PURPOSE OF REVIEW: Clinical conditions associated with hypereosinophilia represent a field of particular interest, taking into account the epidemiological impact of the different primary and secondary forms. In addition to a classical Th1 response, also Th2 cells can be involved in the pathogenesis of autoimmune diseases, among them eosinophilic forms such as eosinophilic granulomatosis with polyangiitis.
RECENT FINDINGS: In patients with severe asthma, recent evidence highlights the role of pathogenic autoantibodies against autologous eosinophil proteins (e.g. eosinophil peroxidase) suggest the role of autoimmune mechanisms, particularly in patients in which asthma is included in eosinophilic vasculitis with antineutrophilic autoantibody positivity. Is now evident that in addition to Th2 cells, also type 2 innate lymphoid cells and Th1/Th17 cells play a central role in the pathogenesis of hypereosinophilic syndrome.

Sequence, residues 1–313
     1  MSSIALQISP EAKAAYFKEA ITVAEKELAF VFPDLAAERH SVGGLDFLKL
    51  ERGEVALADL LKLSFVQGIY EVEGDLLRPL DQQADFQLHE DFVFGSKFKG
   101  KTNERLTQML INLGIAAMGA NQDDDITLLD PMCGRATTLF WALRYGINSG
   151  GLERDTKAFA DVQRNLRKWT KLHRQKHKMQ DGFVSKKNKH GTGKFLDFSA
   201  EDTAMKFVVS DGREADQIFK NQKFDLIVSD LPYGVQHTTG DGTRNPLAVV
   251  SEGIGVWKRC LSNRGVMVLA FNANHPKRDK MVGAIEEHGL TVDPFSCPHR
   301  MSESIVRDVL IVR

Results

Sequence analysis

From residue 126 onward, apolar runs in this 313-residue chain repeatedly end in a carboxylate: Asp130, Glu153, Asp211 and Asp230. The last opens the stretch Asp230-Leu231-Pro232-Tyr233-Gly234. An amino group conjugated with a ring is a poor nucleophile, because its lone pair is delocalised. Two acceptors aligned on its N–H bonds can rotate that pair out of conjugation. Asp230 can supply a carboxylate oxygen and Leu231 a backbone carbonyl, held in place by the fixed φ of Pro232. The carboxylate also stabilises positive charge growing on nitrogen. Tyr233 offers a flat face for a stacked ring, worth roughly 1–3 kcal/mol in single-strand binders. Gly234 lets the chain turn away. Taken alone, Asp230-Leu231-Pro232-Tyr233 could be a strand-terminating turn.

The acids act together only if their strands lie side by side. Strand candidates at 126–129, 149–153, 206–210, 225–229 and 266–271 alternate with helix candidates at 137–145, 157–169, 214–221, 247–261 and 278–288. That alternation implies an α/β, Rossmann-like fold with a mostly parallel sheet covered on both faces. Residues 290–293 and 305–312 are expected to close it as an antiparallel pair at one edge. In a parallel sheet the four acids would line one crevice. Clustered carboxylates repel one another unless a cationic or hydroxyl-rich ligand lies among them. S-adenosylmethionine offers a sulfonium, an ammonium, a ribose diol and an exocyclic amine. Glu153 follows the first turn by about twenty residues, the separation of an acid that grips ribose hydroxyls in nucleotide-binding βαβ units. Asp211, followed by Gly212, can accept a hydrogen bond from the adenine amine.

SUMMARY: The definition of cellular and molecular mechanisms and the critical role of specific cytokines involved in the pathogenesis of hypereosinophilic syndrome open the way to new therapeutic strategies by using biological agents targeting these specific factors.
|Number of pages||6|
|Journal||Current Opinion in Allergy and Clinical Immunology|
|Publication status||Published - Apr 2020|